Bone marrow is the sponge like substance inside your bones responsible for making blood cells, including red blood cells, white blood cells and platelets. Bone marrow oedema is a general term used to describe a painful build up of fluid within the bone marrow, usually seen during an MRI—a magnetic resonance imaging scan. It is usually a symptom of some underlying disease, so treatments are focused on treating the cause of the oedema. Bone marrow oedema syndrome, sometimes called BME, is a rare and painful transient condition that affects the bones of the lower extremities and for which treatment is limited.
Conditions such as avascular necrosis, osteoarthritis and rheumatoid arthritis can give rise to bone marrow oedema as can cases of acute trauma or injury to the bone. Bone marrow oedema syndrome is a self-limiting condition characterised by the sudden onset of terrible bone pain usually in the lower extremities and most often in the hip joint. It usually resolves itself within six to 12 months.
Bone Marrow Edema Syndrome
Bone marrow oedema syndrome, also known as localised transient osteoporosis, is seen mostly in middle-aged men. Some women experience it during the third trimester of pregnancy. Bone marrow oedema is seen on MRI with a reduced density of the bone, or bone mineral density. According to Osteoporosis International, current available treatments are "limited and ineffective."
Treatment is usually rest and physiotherapy. In difficult cases, a type of surgery called core decompression is used. In core decompression, a surgeon drills a hole into the affected part of the bone to allow increased blood flow, the formation of new blood vessels and healing to take place.
Sometimes drugs called bisphosphonates are given with vitamin D supplements to help with calcium balance and to increase bone density. A study reported on the website Ortho Super Site and in Osteoporosis International found that treatment with a certain intravenous bisphosphonate was effective at increasing the density of the bone and reducing pain.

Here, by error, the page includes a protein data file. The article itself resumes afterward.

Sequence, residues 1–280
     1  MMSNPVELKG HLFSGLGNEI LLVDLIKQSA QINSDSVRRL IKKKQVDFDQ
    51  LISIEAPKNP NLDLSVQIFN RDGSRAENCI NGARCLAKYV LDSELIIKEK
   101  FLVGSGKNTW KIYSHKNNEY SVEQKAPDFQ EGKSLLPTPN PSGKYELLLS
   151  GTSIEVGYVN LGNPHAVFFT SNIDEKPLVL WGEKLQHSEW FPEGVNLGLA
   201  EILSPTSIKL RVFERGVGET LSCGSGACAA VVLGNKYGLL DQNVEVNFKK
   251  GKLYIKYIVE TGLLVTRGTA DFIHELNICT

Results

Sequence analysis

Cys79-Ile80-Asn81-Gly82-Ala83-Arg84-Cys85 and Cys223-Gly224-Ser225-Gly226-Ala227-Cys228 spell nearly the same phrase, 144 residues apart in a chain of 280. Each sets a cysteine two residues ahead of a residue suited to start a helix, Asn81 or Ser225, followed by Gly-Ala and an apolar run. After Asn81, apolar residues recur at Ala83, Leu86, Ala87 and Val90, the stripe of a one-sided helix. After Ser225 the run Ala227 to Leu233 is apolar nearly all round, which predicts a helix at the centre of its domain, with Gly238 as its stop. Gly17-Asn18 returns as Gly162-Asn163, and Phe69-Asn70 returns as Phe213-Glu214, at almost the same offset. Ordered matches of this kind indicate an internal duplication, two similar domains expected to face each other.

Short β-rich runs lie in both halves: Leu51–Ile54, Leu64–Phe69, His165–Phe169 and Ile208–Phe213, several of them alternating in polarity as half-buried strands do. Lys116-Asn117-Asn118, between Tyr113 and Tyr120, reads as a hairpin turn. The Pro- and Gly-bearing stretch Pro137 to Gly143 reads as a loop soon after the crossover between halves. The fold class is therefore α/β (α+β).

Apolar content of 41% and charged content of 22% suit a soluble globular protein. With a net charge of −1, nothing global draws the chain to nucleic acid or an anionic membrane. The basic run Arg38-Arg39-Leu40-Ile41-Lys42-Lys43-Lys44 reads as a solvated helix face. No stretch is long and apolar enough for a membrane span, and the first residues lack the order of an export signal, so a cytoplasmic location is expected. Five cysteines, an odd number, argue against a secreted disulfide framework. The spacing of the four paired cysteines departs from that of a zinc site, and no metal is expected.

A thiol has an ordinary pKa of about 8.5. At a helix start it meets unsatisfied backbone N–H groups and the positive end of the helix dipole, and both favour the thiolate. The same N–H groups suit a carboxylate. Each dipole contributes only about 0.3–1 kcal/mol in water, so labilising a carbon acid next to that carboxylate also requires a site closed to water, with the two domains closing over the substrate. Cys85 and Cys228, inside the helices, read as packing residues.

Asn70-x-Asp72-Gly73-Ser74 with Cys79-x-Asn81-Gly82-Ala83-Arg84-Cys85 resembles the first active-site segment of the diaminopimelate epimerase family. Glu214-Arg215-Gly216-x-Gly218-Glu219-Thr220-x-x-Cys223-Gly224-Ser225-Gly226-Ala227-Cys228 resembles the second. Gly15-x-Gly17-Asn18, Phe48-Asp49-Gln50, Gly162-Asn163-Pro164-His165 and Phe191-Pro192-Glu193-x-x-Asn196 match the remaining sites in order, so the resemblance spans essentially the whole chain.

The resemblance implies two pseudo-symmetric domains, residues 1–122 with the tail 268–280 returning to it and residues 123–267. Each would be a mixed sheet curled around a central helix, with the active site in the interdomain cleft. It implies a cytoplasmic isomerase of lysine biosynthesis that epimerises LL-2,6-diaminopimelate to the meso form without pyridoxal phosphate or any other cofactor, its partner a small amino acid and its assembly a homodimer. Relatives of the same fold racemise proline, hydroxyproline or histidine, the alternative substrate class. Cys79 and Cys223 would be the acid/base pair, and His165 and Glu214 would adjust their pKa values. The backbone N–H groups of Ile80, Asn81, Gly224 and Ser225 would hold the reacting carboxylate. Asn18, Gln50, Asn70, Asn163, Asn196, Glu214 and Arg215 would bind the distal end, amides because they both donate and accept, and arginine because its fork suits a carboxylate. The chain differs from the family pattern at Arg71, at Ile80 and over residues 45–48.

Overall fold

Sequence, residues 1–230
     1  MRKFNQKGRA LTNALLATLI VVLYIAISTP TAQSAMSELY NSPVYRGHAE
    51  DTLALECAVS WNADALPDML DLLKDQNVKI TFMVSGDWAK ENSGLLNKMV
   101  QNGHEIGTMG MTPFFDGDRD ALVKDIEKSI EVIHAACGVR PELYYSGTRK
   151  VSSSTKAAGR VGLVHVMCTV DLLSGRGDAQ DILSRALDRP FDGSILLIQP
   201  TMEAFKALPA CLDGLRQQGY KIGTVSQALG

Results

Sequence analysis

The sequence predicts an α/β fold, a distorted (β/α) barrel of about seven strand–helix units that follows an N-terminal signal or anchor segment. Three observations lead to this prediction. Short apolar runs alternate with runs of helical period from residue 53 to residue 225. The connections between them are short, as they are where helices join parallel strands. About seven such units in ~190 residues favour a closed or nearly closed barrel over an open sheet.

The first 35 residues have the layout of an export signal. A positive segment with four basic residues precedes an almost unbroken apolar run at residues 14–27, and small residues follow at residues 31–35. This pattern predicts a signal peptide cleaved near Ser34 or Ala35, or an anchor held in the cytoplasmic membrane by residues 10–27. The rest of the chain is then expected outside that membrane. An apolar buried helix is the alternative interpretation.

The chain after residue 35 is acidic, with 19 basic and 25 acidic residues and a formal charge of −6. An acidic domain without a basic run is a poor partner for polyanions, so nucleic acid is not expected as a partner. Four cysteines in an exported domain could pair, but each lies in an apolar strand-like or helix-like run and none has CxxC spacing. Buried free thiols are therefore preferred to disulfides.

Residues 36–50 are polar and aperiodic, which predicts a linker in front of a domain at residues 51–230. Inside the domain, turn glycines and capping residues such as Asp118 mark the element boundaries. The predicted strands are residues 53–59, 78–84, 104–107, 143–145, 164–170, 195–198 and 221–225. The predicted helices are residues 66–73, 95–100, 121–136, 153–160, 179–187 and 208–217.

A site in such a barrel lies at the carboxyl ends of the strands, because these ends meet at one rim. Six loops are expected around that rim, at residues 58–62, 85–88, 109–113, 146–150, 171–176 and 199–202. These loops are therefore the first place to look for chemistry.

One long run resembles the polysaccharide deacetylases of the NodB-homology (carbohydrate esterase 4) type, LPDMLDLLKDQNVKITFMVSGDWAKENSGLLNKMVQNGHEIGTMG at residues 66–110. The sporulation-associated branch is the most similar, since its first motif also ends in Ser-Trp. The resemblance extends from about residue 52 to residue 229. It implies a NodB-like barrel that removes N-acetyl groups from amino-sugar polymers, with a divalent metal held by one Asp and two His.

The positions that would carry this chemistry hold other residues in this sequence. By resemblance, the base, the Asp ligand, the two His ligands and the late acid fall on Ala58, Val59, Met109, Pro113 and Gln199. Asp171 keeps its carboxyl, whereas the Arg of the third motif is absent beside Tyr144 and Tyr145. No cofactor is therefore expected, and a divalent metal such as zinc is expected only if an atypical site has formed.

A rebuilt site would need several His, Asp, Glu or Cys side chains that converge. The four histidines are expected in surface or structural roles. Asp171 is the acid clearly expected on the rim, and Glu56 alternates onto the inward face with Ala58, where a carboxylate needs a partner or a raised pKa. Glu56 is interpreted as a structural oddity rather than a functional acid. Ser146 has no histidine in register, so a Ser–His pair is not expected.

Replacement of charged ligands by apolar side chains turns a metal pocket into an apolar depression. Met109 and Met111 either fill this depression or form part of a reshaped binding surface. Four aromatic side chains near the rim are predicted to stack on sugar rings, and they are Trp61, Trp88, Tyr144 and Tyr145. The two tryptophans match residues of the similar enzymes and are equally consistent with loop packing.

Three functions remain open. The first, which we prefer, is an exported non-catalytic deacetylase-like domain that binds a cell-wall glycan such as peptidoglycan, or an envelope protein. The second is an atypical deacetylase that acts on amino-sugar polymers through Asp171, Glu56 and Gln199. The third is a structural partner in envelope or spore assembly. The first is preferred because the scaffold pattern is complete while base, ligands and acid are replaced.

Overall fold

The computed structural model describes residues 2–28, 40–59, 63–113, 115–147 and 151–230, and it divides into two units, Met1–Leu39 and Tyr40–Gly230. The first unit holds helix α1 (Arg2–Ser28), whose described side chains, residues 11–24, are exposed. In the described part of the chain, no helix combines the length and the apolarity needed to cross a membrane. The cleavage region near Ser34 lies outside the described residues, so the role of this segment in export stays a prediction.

An article in the Indian Journal of Therapeutics and another in Biomed Central both cite the use of iloprost, a generic vasoactive drug—meaning it exerts its actions on the vascular system. The vasoactive drug is usually used for pulmonary hypertension. Both institutions routinely use it in the treatment of bone marrow oedema syndrome because it opens blood vessels, encouraging normal blood flow, and treats the vascular abnormalities associated with the condition. The Indian Journal of therapeutics goes so far as to say that reduced load-bearing was not required in most cases in which the drug was used.
Treatment of Conditions Bone Marrow Edema Syndrome
Avascular necrosis is a painful condition that usually affects the hip joint. It is characterised by death of the bone marrow tissues caused by a temporary or permanent reduction in blood flow to the bone marrow. Treatment of the associated bone marrow oedema includes treating the avascular necrosis, which usually involves core compression surgery, bone grafting and sometimes a complete hip replacement. Osteoarthritis and rheumatoid arthritis are painful conditions of the joints that may be treated with pain killers, medication that reduce inflammation, injections into the affected joints or joint replacement. Rheumatoid arthritis is also sometimes treated with steroids and special drugs called disease-modifying anti-rheumatics, which slow down the progression of the disease.
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- Indian Journal of Orthapedics: Outcome of painful bone marrow oedema of the femoral head following treatment with parenteral iloprost
- Biomed Central: Natural course of intra-articular shifting bone marrow oedema syndrome of the knee
- Annals of Internal medicine: Association of Bone Marrow Changes with Worsening of Knee Osteoarthritis
- Osteoperosis International: Effective and rapid treatment of localised LTO
- Ortho Super Site: Hip Fracture in a Patient Affected by Transient Osteoporosis of the Femoral Head During the Last Trimester of Pregnancy